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Kids' allowances: Expert-approved real-world approaches

Allowance or wages?

More and more parents are asking kids to earn their allowances. Here, three families share their systems - and the lessons they teach.

Allowance or wages?
All Lori Mackey wanted to do was inspire her two children to get ready for school on time. But no amount of cajoling or prodding worked. One day, out of desperation, she promised to pay them $1 apiece for every morning that they got up when the alarm rang, brushed their hair, ate breakfast, tidied their rooms, and were ready to walk out the door by 8 a.m. Four years later, Briana, now 14, and Devin, 12, have graduated to earning up to $12 a week for doing a set of household chores. And they still get up in time for school every morning. "It's the best money I ever spent," Mackey beams.

Allowances have long been an American family fixture, and for good reason. Experts say that giving kids a set sum of cash to manage regularly helps them learn to handle finances capably as adults. "For most children, an allowance is their first opportunity to experience making choices, budgeting, placing value on things, and figuring out the difference between needs and wants," says Carrie Schwab Pomerantz, chief strategist of consumer education at Charles Schwab & Co. and president of the Charles Schwab Foundation, which supports financial literacy programs.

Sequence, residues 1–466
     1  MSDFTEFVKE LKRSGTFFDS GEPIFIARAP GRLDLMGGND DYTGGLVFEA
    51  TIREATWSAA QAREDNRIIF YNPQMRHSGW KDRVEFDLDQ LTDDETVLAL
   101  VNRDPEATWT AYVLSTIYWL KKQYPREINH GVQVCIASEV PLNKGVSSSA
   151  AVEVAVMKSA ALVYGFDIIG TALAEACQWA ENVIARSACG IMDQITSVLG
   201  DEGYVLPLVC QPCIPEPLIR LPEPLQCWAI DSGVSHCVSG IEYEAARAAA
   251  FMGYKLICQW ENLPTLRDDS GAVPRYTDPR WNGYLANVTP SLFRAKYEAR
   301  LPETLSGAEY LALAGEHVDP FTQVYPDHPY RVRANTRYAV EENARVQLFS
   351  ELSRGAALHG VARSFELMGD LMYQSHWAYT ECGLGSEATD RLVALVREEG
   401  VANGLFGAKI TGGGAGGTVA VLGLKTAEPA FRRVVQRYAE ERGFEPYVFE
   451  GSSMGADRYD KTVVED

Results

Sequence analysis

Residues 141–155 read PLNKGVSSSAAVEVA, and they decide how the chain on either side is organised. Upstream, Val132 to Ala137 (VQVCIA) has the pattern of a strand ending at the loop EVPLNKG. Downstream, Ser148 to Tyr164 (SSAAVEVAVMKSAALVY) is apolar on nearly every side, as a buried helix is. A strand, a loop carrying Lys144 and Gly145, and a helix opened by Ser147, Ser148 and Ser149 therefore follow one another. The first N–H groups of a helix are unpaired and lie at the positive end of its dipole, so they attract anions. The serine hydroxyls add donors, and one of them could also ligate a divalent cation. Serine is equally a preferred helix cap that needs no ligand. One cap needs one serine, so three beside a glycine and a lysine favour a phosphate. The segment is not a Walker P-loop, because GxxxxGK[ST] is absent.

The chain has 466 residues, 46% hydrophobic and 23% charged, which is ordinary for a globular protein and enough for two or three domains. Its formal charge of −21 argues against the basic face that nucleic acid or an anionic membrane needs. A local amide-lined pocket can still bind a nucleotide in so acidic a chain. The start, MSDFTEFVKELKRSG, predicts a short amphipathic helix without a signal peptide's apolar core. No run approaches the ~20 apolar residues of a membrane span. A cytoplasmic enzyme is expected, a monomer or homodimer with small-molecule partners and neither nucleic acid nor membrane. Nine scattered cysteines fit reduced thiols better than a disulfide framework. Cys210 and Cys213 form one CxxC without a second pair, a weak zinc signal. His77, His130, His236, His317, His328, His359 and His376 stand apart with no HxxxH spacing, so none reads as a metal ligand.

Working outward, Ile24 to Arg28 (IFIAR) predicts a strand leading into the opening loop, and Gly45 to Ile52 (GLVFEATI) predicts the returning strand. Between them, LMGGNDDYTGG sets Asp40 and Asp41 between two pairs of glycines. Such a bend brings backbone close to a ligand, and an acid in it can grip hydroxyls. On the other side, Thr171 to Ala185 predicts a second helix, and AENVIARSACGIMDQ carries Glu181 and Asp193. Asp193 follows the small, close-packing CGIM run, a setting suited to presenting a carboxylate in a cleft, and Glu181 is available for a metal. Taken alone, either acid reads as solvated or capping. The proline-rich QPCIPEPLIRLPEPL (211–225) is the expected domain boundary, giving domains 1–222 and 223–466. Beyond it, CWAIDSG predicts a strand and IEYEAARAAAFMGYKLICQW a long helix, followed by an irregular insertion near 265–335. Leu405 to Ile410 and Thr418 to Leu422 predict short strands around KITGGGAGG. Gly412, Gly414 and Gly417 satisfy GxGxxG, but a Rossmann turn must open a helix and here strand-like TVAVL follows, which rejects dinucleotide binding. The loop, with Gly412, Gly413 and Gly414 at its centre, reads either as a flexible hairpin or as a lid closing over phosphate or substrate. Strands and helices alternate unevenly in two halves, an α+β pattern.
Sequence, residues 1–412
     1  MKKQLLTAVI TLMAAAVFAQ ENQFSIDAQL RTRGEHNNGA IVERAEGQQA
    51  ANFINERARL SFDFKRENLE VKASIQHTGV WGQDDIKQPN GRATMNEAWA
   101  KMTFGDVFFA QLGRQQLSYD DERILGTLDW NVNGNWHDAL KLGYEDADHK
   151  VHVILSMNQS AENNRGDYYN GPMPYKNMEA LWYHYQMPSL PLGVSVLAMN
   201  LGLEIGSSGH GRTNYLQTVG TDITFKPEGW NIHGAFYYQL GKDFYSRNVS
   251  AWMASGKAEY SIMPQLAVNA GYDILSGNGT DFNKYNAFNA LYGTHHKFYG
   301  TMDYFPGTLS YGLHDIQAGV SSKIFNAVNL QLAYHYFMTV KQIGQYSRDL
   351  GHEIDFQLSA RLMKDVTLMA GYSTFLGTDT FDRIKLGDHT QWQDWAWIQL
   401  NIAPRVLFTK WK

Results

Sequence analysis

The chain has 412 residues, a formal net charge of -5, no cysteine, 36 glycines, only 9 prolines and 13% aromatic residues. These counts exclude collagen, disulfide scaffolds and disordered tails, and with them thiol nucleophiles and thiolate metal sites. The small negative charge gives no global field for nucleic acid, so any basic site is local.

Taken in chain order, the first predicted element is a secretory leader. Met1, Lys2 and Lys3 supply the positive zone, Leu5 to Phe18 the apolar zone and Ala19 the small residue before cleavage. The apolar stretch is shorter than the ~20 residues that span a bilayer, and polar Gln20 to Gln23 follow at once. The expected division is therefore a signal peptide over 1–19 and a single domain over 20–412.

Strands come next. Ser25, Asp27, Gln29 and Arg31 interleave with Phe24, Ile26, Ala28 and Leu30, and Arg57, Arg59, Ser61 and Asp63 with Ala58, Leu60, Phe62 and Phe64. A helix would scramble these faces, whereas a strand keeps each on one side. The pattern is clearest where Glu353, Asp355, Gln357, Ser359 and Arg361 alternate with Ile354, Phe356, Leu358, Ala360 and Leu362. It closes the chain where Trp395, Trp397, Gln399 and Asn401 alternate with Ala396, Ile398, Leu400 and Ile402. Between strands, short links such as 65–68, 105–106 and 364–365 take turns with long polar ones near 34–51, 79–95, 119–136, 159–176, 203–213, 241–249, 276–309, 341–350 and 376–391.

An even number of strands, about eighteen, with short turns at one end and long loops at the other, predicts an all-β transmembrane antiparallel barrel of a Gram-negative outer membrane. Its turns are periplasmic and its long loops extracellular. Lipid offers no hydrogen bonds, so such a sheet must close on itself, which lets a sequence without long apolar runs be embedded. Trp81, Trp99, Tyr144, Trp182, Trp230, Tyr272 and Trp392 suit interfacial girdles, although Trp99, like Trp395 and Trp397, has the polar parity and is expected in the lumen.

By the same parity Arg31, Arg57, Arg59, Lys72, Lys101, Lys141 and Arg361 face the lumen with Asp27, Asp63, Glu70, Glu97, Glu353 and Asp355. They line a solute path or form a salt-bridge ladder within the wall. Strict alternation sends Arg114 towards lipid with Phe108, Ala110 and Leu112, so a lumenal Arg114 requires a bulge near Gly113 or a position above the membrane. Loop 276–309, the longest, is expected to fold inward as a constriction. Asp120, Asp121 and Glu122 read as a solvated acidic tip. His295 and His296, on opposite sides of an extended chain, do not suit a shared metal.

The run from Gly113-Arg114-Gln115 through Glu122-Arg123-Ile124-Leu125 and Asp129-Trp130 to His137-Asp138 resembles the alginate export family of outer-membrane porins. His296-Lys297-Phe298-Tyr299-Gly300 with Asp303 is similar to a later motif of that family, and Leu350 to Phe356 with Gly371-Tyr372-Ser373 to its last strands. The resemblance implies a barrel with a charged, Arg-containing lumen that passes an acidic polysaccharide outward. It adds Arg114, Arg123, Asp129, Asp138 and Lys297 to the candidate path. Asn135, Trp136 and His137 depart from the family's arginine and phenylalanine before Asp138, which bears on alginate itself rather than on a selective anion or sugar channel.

What some parents, like Mackey, have realized is that kids will do stuff for those dollars, and in today's tough economic times, many moms and dads like the idea of teaching kids that money comes attached to obligations.

So which is better, allowance or wages? There are arguments for each (a no-strings-attached allowance leaves more time for studies; wages teach the lesson that effort leads to reward). "But there's no research that I know of that demonstrates either approach is better," says Robert Duvall, president and chief executive officer of the nonprofit National Council on Economic Education (NCEE). Your best path depends on what your priorities are and what your kids are like — their ages, abilities, and inclinations. To show the range of possibilities, we asked three very different families to share their systems — and got experts to explain what parents can take away from each story.

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